By Leonard Gildarie
Over the years, I have had a growing fondness for my passport. I always saw it as a blank cheque to a piece of this country – a stake. I jealously guard it.
As the days go and years roll on, the thoughts about my mortality and achievements would surface every so often. I am never more convinced than now, that I want to spend my last days here. This country is mine.
My work at Kaieteur News has not been easy. I swear it is becoming more challenging.
By asking the hard questions, we have made some good friends and closed some doors that once were open. People are upset. But that comes with the territory and I have long recognized this.
We have a serious problem with skills and discipline in this country when it comes to work ethics. While we have been complaining of jobs not being available, the rice folks will tell you of a shortage in labour. GuySuCo will tell you of the turnout at the estates – about 60 percent.
All of the media houses will tell you of the difficulties in finding reporters and editors.
The complaints will extend to almost all of Guyana. I heard one rice miller complaining bitterly and contemplating whether to apply for labour to be brought in.
I was in Trinidad between July and August, and the oil folks there had one bit of advice…for us to pressure our government for money to be plunged into training to improve our capacity.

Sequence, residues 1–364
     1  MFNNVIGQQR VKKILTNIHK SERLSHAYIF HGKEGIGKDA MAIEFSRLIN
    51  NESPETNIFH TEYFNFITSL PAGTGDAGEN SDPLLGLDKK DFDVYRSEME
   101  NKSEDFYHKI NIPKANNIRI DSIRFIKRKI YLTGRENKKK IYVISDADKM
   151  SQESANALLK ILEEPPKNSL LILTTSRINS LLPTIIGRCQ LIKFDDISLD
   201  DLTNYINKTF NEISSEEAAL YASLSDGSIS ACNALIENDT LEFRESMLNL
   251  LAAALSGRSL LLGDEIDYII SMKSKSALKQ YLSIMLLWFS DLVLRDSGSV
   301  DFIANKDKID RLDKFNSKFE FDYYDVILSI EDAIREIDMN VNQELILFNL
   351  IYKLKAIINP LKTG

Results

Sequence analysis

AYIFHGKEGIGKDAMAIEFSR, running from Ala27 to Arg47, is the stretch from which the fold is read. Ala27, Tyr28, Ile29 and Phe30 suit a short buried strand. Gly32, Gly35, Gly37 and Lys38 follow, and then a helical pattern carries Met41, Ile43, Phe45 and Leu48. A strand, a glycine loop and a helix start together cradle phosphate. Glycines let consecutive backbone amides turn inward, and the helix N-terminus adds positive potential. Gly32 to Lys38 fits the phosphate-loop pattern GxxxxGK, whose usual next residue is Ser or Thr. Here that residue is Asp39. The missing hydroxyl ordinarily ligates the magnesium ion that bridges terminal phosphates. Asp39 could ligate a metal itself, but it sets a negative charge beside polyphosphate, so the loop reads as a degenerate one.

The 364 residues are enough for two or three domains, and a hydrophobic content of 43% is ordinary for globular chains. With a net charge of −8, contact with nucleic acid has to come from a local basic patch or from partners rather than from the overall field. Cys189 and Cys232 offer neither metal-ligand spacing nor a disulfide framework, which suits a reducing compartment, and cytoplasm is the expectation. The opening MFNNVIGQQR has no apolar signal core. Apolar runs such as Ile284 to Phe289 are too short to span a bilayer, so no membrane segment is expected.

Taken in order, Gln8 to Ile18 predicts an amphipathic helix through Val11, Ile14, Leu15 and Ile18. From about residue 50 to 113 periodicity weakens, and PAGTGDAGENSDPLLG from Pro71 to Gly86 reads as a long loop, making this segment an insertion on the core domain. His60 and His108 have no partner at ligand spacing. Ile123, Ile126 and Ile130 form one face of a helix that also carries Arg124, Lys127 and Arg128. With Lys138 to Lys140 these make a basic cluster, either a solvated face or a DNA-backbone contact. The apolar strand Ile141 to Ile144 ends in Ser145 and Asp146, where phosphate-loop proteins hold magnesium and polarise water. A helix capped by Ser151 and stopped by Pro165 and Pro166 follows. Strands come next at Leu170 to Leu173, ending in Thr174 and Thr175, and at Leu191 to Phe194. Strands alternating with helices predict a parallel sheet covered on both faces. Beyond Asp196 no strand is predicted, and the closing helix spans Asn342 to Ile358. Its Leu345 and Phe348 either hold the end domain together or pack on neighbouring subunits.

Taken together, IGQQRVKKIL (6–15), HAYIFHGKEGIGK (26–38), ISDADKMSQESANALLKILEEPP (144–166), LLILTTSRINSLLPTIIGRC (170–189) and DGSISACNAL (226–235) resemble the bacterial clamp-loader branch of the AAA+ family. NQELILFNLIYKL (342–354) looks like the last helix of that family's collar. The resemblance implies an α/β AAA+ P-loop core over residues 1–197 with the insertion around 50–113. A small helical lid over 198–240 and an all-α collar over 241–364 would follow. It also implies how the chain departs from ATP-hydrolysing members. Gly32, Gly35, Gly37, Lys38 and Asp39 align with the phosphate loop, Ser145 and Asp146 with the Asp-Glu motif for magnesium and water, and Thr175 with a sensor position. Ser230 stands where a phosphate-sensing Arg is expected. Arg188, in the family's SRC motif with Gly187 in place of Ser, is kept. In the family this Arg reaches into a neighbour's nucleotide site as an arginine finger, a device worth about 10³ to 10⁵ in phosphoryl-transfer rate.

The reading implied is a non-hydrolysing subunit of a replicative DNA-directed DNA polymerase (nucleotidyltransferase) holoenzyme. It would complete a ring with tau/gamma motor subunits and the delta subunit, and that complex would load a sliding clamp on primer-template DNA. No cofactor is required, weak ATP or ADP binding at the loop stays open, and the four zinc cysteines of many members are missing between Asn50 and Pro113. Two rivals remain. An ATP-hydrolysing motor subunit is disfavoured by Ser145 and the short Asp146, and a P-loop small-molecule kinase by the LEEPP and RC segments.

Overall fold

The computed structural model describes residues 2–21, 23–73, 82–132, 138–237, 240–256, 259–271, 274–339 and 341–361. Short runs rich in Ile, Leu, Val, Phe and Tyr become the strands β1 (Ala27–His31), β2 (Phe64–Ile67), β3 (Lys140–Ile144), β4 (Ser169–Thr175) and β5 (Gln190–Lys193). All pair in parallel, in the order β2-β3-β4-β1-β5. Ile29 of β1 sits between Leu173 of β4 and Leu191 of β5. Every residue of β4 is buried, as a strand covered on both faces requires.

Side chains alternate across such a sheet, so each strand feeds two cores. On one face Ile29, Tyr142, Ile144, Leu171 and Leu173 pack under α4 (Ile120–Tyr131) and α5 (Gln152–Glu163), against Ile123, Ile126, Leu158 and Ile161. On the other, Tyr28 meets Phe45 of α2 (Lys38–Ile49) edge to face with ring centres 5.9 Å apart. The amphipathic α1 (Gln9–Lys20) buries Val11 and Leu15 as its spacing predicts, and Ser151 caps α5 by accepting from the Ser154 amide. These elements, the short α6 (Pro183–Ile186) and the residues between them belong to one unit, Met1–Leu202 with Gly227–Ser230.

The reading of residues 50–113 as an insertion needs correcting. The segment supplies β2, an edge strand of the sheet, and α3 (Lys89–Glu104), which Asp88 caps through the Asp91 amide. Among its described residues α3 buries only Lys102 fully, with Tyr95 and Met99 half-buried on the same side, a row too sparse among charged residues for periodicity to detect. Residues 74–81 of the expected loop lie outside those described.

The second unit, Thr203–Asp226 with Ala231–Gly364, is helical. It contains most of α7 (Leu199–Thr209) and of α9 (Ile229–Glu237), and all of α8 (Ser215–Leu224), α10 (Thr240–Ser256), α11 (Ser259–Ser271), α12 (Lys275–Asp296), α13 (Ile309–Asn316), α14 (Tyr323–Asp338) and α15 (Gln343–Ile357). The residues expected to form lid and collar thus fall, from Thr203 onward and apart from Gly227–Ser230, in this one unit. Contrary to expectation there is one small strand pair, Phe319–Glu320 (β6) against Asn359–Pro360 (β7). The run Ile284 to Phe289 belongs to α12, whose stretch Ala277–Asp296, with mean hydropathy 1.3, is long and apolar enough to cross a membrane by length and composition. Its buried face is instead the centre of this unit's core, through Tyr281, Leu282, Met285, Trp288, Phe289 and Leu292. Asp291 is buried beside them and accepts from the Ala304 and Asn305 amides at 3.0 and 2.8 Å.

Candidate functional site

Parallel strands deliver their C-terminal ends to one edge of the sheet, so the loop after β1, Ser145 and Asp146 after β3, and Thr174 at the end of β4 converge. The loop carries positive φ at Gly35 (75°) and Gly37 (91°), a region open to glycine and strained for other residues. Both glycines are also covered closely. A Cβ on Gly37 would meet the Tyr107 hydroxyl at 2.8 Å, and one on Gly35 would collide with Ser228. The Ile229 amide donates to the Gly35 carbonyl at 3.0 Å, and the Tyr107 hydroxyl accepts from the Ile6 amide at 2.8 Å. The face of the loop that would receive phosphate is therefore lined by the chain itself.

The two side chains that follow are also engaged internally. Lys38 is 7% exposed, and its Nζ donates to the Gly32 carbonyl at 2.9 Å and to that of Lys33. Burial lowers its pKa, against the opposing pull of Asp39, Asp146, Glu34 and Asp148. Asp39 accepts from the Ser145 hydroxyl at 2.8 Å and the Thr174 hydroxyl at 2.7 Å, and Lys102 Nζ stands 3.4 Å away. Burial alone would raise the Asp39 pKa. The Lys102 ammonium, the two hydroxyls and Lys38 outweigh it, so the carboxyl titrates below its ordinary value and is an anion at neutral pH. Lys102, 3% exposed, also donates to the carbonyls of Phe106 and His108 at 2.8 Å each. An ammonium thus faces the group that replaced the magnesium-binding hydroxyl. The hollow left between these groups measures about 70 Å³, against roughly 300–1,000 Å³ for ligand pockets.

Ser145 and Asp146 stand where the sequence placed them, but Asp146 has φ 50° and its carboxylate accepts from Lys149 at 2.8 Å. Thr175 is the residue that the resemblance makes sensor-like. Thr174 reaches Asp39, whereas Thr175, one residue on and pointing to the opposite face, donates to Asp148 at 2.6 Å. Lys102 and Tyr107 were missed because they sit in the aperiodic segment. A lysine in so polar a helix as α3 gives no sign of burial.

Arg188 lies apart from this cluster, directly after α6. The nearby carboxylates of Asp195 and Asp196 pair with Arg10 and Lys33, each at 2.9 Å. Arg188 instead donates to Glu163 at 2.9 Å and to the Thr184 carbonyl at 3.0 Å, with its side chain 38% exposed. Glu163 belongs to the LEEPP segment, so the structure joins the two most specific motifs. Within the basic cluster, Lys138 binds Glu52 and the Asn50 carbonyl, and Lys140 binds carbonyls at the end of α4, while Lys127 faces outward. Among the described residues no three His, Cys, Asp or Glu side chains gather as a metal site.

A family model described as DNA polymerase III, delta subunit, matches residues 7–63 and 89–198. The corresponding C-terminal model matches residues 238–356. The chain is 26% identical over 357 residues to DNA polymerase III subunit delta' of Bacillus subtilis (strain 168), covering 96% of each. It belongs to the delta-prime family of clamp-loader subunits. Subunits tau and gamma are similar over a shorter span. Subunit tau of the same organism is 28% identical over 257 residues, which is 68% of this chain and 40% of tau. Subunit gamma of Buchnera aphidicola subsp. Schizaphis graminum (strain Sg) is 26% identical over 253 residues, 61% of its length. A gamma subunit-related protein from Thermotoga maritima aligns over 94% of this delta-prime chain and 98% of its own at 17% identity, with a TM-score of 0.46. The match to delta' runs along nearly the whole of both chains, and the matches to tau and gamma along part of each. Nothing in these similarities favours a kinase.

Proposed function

The oil era is upon us. We have to change, very quickly, for us to be on par with the rest of the world. We have to strive for the highest quality of customer service.
I will tell you a story that happened Friday. I am contemplating calling the Police Commander.
A Diamond resident called me and demanded I visit his home. I have known him for a long time and he was angry. I went across. The businessman was upset that his father, in his 70s, was harassed by the police. Police ranks are stopping drivers who are turning at the Diamond intersection, just north of the DSL branch. They are insisting that it is a no turning zone. The problem is that there is no sign and no one can recall a sign ever being there.
The senior citizen was stopped while turning. He lives a block away and has been turning that area for years now. He was told by police that he had turned at a no turning area and was ordered to the police station.
I recalled all too distinctly the Traffic Chief and the Commissioner of Police making it clear that all drivers who breach the road laws, and can be issued a ticket, should be issued one. There is no need to go to the station.
Why would you ask a 78-year-old man to go to the station and sit on a bench? What are we doing to our people?
Needless to say, I was told that his family came and “spoke” to the officers and he was let go. You can define what “spoke” entailed.
I called the police station and spoke to a female inspector and expressed my deep displeasure. I told her that police ranks should not escort drivers to the station for ticketing offences.